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Special Forums IP Networking Sharing Adsl Link
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Old 10-02-2007
Sharing Adsl Link

Hi guyz,

got a little bit of a situation here. we are sharing an ADSL link with
another organization. so there are 2 networks.
network 1:
has the adsl router and the whole n/w is on subnet 192.168.0.*
the adsl router has its ip as 192.168.0.1

network 2(now us):
we have set up a linux box running Centos 4.3 to act as a firewall,
proxy and dhcp + file server. our network is on subnet 192.168.1.*
the linux box has two NICS:
eth0:192.168.1.1
eth1:192.168.0.6 (varies since it takes ip dynamically from the adsl
router on n/w 1)
on our network we have a domain running on 2003 server....n our dns is
also on the 2003 machine.

scenario:
from the linux box.....i can be able to surf the net, but all the
other client machines on our network (192.168.1.*) cannot access the
net. i cannot ping the adsl router or any 192.168.0* address from the
client machines, but i can do all that on the linux box.


now am suspecting i need a NAT....or a router to join the 2 networks.
however, i would like to utilize the linux box for the job (as a
NAT/ROUTER).

Can anyone help me get through this situation....i really need to sort
this out!
or if anyone can help me get the client machines access the other
n/w.....i would be grateful...coz then i can proceed n share the link.

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GRE(4)							   BSD Kernel Interfaces Manual 						    GRE(4)

NAME
gre -- encapsulating network device SYNOPSIS
To compile the driver into the kernel, place the following line in the kernel configuration file: device gre Alternatively, to load the driver as a module at boot time, place the following line in loader.conf(5): if_gre_load="YES" DESCRIPTION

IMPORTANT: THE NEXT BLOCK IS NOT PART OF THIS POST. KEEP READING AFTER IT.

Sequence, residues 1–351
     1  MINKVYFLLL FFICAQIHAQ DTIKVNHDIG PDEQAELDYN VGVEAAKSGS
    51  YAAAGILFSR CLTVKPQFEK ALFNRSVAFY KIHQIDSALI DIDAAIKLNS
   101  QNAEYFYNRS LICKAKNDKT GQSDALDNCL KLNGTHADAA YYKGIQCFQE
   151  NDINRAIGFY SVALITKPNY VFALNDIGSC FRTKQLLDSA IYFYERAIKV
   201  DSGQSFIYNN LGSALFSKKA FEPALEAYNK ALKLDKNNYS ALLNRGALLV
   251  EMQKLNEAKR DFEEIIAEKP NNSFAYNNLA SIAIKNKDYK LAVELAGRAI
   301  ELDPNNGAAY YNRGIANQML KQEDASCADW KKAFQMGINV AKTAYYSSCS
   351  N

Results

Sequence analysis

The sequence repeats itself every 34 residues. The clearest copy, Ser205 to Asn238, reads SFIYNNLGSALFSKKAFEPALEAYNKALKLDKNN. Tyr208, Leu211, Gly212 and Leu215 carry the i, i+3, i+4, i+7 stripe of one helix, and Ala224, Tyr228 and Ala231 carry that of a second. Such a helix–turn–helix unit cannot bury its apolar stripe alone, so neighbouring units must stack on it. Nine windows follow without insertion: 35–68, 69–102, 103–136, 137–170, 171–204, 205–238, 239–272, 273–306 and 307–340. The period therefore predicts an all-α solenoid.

The gre network interface pseudo device encapsulates datagrams into IP. These encapsulated datagrams are routed to a destination host, where they are decapsulated and further routed to their final destination. The ``tunnel'' appears to the inner datagrams as one hop. gre interfaces are dynamically created and destroyed with the ifconfig(8) create and destroy subcommands. This driver corresponds to RFC 2784. Encapsulated datagrams are prepended an outer datagram and a GRE header. The GRE header specifies the type of the encapsulated datagram and thus allows for tunneling other protocols than IP. GRE mode is also the default tunnel mode on Cisco routers. gre also supports Cisco WCCP protocol, both version 1 and version 2. The gre interfaces support a number of additional parameters to the ifconfig(8): grekey Set the GRE key used for outgoing packets. A value of 0 disables the key option. enable_csum Enables checksum calculation for outgoing packets. enable_seq Enables use of sequence number field in the GRE header for outgoing packets. EXAMPLES
192.168.1.* --- Router A -------tunnel-------- Router B --- 192.168.2.* / / +------ the Internet ------+ Assuming router A has the (external) IP address A and the internal address 192.168.1.1, while router B has external address B and internal address 192.168.2.1, the following commands will configure the tunnel: On router A: ifconfig greN create ifconfig greN inet 192.168.1.1 192.168.2.1 ifconfig greN inet tunnel A B route add -net 192.168.2 -netmask 255.255.255.0 192.168.2.1 On router B: ifconfig greN create ifconfig greN inet 192.168.2.1 192.168.1.1 ifconfig greN inet tunnel B A route add -net 192.168.1 -netmask 255.255.255.0 192.168.1.1 NOTES
The MTU of gre interfaces is set to 1476 by default, to match the value used by Cisco routers. This may not be an optimal value, depending on the link between the two tunnel endpoints. It can be adjusted via ifconfig(8). For correct operation, the gre device needs a route to the decapsulating host that does not run over the tunnel, as this would be a loop. The kernel must be set to forward datagrams by setting the net.inet.ip.forwarding sysctl(8) variable to non-zero. SEE ALSO
gif(4), inet(4), ip(4), me(4), netintro(4), protocols(5), ifconfig(8), sysctl(8) A description of GRE encapsulation can be found in RFC 2784 and RFC 2890. AUTHORS
Andrey V. Elsukov <ae@FreeBSD.org> Heiko W.Rupp <hwr@pilhuhn.de> BUGS
The current implementation uses the key only for outgoing packets. Incoming packets with a different key or without a key will be treated as if they would belong to this interface. The sequence number field also used only for outgoing packets. BSD
November 7, 2014 BSD

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